Also contributes to central obesity, which is associated w/ hypertension development (alters food intake, increases caloric intake, promotes lipid accumulation).

    3. Left ventricular dilatation (cardiomyopathy)
  11. 1. How can EtOH lead to diabetes?
    2. What is the amount in g needed per day for how many years?
    3. What cells are specifically affected?
    4. What is the result? (3)
    • 1. By atrophying the pancreas
    • 2. 150 g/day for 10 years
    • 3. Acinar cells
    • 4. (1) Decreased enzyme/protein secretion (2) Activation of pancreatic stellate cells --> FIBROSIS and (3) inhibition of glucose production by liver (stops pyruvate decarboxylase activity)
  12. 1. What is the consequence of NAD+ consumption? (6)
    • 1. Decreased pyruvate
    • 2. Increased lactate
    • 3. Gout
    • 4. Decreased glycolysis & GNG
    • 5. Decreased lipid metabolism --> less acetate
  13. 1. What is the impact of acetaldehyde production? (5)
    • 1. Cross-links cellular proteins
    • 2. Peroxidation of lipids
    • 3. Inhibits DNA repair by adducting to DNA
    • 4. Acute peripheral vasodilation (flushing)
    • 5. Sedative effects
  14. 1. What effects of ethanol are the ones that contribute to alcoholic liver disease? (3) 1-1, 2-2, 3-2)

    2. What does this lead to? (4)
    1. Disrupted intestinal barrier function (increased gut permeability), increased oxidant stress in liver (less available antioxidants and lipid accumulation), activation of immune cells in liver (Kupffer cells, lymphocytes)

    2. Steatosis, inflammation, fibrosis, cirrhosis.
  15. 1. What can prevent EtOH induced liver injury?
    2. What is increased in blood of chronic alcoholics?
    3. How does the above affect the gut?
    4. How is the above handled by liver?
    • 1. Gut sterilization (no bacteria)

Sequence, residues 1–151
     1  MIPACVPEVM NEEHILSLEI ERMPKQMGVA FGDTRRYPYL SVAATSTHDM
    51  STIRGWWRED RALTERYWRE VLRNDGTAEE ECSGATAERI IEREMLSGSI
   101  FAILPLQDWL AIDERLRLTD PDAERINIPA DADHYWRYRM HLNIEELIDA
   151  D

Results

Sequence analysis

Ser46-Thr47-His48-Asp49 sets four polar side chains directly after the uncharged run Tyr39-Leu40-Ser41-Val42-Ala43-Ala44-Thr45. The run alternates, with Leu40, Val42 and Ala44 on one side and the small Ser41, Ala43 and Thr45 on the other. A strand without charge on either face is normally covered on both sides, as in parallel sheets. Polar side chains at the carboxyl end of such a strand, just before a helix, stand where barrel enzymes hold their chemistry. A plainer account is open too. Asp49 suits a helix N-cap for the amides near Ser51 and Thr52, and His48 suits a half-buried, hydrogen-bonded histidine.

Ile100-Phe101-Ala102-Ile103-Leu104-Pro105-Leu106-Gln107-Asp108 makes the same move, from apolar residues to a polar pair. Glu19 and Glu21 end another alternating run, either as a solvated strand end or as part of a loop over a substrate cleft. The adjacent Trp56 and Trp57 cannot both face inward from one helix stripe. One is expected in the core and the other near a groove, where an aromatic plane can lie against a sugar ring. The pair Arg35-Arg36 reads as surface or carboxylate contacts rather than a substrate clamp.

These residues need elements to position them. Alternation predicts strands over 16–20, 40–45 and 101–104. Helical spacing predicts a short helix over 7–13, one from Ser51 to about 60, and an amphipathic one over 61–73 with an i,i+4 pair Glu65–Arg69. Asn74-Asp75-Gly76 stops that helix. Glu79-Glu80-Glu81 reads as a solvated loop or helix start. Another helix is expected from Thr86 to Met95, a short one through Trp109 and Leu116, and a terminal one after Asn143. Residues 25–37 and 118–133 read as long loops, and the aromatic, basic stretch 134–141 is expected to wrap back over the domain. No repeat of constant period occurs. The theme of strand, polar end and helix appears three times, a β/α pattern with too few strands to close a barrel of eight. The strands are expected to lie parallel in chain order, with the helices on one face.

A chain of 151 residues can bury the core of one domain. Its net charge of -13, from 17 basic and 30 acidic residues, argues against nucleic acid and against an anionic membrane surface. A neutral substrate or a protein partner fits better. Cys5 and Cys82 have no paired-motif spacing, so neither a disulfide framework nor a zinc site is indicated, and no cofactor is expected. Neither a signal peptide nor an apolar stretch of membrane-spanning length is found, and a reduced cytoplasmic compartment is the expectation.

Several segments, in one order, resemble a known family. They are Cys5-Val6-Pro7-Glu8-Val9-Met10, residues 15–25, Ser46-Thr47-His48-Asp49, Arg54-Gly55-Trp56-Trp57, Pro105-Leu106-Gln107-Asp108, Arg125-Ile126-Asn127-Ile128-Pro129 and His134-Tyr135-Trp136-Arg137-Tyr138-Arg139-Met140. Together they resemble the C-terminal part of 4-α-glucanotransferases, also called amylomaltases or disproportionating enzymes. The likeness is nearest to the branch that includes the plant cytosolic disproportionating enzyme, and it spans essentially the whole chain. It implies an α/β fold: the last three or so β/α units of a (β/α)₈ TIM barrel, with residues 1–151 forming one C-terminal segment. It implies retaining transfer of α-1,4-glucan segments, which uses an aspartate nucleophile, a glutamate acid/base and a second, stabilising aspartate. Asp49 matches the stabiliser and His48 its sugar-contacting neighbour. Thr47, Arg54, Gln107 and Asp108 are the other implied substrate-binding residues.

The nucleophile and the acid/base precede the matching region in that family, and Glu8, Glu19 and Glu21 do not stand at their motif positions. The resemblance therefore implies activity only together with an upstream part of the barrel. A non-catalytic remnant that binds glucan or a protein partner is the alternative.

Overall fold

• 2. Endotoxin (LPS)
    • 3. Increases permeability
    • 4. (1) LPS is sensed by Kuppfer cell
    • (2) TLR4 and CD14 dimerize and bind LPS to clear infection
    • (3) These immune cells activate transcription of 1- pro-inflammatory cytoines and -2- oxidants (superoxide) to kill bacteria.
  16. 1. What is responsible for EtOH induced liver injury? How was this proven?
    2. What drives fatty liver? (Steatosis)
    1. Endotoxin (LPS). CD-14 knockout alcoholic mice did not develop EtOH induced injury. They had low ALT (liver enzyme) AND TNF-a

    2. Inflammatory component drives lipid accumulation
  17. 1. Role of TNFa in EtOH induced liver injury? (3)

    2. Why do females have increased blood ethanol levels?

    3. What do they also have that causes more hepatocellular damage?  (2)
    1. Inhibits mit function, increases oxidant production, activates macrophages & other immune cell populations that propagate inflammation.

    MEDIATES hepatocyte damage.

    2. No ADH in stomach

    3. Estrogen --> upregulates CD14 on kupffer cells --> worse ethanol induced liver pathology.
  18. 1. What % of chronic alcoholics become cirrotic?
    2. Can liver fibrosis be reversed? At what cost?
    3. What is irreversible?
    4. What is the toxic metabolite?
    5. What happens to liver? (2)
    6. What cytokines contribute to this?
    7. What does this eventually lead to?
    • 1. 20
    • 2. Yes, but scar tissue will remain
    • 3. Cirrhosis
    • 4. Acetaldehyde
    • 5. Chronic liver injury --> apoptotic hepatocytes
    • 6. TnFa and B from Kuppfer cells
    • 7. Activation of stellate cells.
  19. How does alcohol affect nutrition?
    - Calorie % in heavy drinkers?
    - What types of deficiency?
    - Intestinal function
    -Urine output (2)
    • 1. 60%
    • 2. Protein/vitamin deficiency due to decreased food intake
    • 3. Reduced intestinal function --> disrupted absorption
    • 4. Fluid loss, dehydration
  20. 1. How does alcohol relate to breast cancer?
    2. How do probiotics help liver damage?
    1. Increased alcohol --> increases risk of developing breast cancer

    2. Probiotics suppress specific pathogneic bacteria preventing T cell activation & function --> less inflammatory response.
  21. 1. How can low to moderate consumption help health? (5) 1 is bad
    2. How does heavy consumption NOT help health? (7)
    • Low-Moderate:
    • 1. Reduces BP
    • 2. REduces risk of other diseases (stroke, diabetes, arthiritis, dementia, cancer)
    • 3. Inhibits atherosclerotic plque formation
    • 4. Suppresses sensory/emotional centres of brian
    • 5. Decreases insulin sensitivity & glucose tolerance (NOT GOOD)


    • HEAVY CONSUMPTION:
    • 1. Increases BP
    • 2. Promotes cardiomyopathy
    • 3. Disrupts glucose homeostasis
    • 4. Impairs normal drug metabolism
    • 5. Induces oxidant productoin
    • 6. Increases carcinogenesis in the liver
    • 7. Promotes liver injury and scarring.
  22. How does alcohol affect CVD? (5)
    • 1.. Decreases risk of MI & stroke
    • 2. Decreaed thrombin and coagulation factors
    • 3. Incrases HDL